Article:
A simple explanation could be:Preston was driven and watched from the very beginning by Dupont to stop the dose and start feeling so he can gain the trust of the resistance and lead to them as Dupont tells him at the end. With or without the gun swap he would not have been arrested before delivering the resistance.Another theory is:When Brandt takes Preston before Dupont (after Preston is seen crying because he was unable to stop Mary's execution), it is revealed that Brandt's weapons, not Preston's, were the ones used to kill the sweeper team in the Nethers. When Brandt thinks about this, he realizes that Preston must have switched guns with him, and we flashback to the scene in the industrial section of the Nethers, where Brandt offers Preston his gun to kill the sense offenders lined up against the wall. Since this sequence occurs after Preston massacres the sweepers to save the dog, people assume this is a major plot hole. And it is...but it was not intended to be.In the original script, the following is written:"And he flashes back:TO HIS CAR: The house in the zone burning in the background.BRANDT: Who will be left to watch...A beat. Then Preston hands Brandt his gun."It should be noted that excerpt has been taken from an early version of the script (the version in which Mary lives), but the idea is the same: the switch actually took place right before the first time Preston saves the dog from being killed.Further to previous answers, there are scenes and shots missing from the final cut of Equilibrium that would have explained the "gun swap" clearly. Unfortunately, they were left out for any number of reasons such as noticable camera shake, bad lighting/framing, lack of time/money etc. The "gun swap" plot point does actually work but now needs a little clarification. The tracking system used by Dupont's aid does not work by identifying a gun's specific location but by locating the specific gun that any Cleric is carrying at a given time. Within the the context of the film , the gun swap can be explained as follows:1) Preston kills the sweeper team in the nethers with his own gun.2) Later, when Brandt asks Preston to kill the assembled line of sense offenders, Preston hesitates and Brandt offers him his own gun. Taking it, Preston, (sensing an opportunity) swaps it with his own gun, giving Brandt the gun he used to kill the sweeper team.3) Later, when Brandt has brought Preston before Dupont, the gun that killed the sweepers is located on or about Brandt's person. Pulling the gun from his pocket and reading the serial code stamped on the bottom, Brandt realises that Preston has swapped the guns. Admitting this to Dupont, Preston interrupts by saying that the only reason Brandt has his gun is because Brandt took it from him when he arrested him. This alleviates Brandt's possession of Preston's gun by making it sound like it was Brandt who killed the sweeper team with his own gun. Unfortunately, Dupont never uses the tracking system to try and locate Brandt's gun, which is actually in Preston's possession and would therefore descredit Preston's explanation.4) However, Dupont isn't so easily duped as he is shown in his private ante-room at the climax of the film with Brandt next to him, leaning on the desk. This implies that Dupont had allowed Brandt to explain himself and then used the tracking system to locate Brandt's gun on Preston or that it was all part of a master plan and he was just playing along with Preston. It is now up to the viewer to decide which piece of exposition they like the most.5) Finally, all of this is somewhat moot, given that during the murder scene in the Nethers, Preston is using TWO guns to kill the guards. At no time do you see Preston handing more than one gun to Brandt. Preston hands Brandt a gun just before the sweeper team starts killing the dogs, and then he swaps a gun with him during the raid scene after the murders in the Nether have taken place. Assuming that the switch did take place between these two times, only one gun would have exchanged hands. When you factor this in, it becomes more than just a plot hole and branches into the realm of film goof.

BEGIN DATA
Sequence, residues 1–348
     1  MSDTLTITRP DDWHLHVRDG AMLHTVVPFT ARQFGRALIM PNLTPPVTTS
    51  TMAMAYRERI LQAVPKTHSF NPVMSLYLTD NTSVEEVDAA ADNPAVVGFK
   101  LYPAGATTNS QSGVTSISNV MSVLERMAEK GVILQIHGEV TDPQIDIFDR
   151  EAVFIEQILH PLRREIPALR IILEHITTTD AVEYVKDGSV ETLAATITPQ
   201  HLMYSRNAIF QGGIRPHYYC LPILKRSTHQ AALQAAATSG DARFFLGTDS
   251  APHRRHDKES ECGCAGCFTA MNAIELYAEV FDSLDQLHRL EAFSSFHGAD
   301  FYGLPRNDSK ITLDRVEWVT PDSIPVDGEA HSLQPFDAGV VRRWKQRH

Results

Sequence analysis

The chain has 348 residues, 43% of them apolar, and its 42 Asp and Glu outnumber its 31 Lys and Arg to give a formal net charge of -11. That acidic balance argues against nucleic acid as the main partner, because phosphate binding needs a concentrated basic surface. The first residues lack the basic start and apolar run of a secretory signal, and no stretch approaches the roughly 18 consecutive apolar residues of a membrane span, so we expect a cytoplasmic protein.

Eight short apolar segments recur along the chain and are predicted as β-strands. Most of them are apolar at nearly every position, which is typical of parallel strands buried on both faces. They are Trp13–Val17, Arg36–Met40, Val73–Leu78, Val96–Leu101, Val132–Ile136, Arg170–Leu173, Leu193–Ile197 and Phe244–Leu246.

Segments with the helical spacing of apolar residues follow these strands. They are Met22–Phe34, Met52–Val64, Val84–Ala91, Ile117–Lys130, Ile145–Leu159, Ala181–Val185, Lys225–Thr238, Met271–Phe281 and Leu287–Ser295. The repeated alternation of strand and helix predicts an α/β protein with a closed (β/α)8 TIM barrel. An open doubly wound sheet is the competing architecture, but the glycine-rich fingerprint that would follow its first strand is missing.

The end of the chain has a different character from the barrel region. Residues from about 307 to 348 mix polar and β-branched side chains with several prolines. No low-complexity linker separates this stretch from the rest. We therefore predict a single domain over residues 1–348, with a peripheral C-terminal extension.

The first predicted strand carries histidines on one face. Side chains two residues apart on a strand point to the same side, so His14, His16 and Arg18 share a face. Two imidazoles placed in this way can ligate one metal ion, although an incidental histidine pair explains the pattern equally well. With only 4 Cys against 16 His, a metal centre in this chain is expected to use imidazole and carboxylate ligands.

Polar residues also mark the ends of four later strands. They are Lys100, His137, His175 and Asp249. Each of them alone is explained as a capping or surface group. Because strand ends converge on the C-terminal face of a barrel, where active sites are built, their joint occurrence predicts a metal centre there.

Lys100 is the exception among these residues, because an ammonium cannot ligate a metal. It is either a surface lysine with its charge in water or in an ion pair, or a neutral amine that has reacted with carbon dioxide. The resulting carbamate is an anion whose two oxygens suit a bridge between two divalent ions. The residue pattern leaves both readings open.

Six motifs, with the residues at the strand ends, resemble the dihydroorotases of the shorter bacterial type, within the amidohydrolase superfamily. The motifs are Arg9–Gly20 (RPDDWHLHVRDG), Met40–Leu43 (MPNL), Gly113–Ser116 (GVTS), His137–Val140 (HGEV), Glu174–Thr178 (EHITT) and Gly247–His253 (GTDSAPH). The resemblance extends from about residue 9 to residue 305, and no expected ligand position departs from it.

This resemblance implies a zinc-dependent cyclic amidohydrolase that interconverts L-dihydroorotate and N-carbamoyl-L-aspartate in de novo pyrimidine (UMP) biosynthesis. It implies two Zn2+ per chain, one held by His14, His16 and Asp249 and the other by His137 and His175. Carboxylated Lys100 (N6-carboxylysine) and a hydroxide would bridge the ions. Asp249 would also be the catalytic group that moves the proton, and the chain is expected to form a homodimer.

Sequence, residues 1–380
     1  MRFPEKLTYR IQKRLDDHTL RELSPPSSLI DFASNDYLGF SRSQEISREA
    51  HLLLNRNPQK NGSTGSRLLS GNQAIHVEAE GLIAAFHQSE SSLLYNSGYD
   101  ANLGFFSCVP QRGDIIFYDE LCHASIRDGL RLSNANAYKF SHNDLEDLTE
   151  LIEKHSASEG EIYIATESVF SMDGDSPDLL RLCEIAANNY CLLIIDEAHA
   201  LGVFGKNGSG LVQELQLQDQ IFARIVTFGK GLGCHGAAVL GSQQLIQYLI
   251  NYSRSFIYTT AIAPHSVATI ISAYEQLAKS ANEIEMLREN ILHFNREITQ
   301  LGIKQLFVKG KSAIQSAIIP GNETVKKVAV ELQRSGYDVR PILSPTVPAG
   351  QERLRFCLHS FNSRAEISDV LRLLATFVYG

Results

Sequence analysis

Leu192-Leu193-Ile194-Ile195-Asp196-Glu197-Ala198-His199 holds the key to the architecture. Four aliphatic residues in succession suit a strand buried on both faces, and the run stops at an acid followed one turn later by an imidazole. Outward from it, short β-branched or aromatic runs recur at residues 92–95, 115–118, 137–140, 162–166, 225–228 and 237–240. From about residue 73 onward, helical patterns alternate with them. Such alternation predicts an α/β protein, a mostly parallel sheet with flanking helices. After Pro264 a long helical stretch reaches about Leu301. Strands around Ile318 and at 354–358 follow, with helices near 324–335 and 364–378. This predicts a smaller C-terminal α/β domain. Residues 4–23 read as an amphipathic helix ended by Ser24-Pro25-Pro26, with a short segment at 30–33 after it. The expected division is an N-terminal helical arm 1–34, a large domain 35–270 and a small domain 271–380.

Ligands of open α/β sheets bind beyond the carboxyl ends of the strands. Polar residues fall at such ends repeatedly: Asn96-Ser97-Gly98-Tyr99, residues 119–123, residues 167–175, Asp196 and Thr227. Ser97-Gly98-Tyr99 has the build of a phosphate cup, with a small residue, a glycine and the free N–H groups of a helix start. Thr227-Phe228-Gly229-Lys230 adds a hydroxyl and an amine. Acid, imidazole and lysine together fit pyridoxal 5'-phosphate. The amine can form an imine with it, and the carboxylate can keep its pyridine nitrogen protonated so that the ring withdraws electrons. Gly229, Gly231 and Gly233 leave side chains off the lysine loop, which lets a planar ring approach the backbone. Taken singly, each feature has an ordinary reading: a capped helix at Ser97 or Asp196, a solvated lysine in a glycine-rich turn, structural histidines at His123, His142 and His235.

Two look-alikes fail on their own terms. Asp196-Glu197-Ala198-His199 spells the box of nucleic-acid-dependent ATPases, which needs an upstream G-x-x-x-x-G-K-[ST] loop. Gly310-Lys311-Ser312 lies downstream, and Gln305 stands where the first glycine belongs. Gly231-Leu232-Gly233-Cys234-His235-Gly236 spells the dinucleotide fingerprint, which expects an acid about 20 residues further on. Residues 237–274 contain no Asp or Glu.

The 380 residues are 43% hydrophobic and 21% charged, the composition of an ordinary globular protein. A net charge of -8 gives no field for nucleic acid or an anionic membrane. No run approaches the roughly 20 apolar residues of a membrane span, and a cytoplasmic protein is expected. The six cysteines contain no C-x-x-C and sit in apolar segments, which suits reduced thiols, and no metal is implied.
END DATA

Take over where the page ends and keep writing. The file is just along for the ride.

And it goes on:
It shows that the regime is rotten to the core and all about power rather than preventing violent emotions, Dupont's office is filled with illicit art, decoration etc and he quotes poetry to Preston in their final confrontation. Dupont (and by implication Brandt and the inner circle) is a hypocrite who breaks the society's own rules by committing 'sense' crime, whilst executing others for doing the same. Preston may suspect this all along as he notes Dupont's anger in a society where it is forbidden and his sliding his hand across the table in much the same way as Preston enjoys the sensation of running his hand along the handrail at the train station.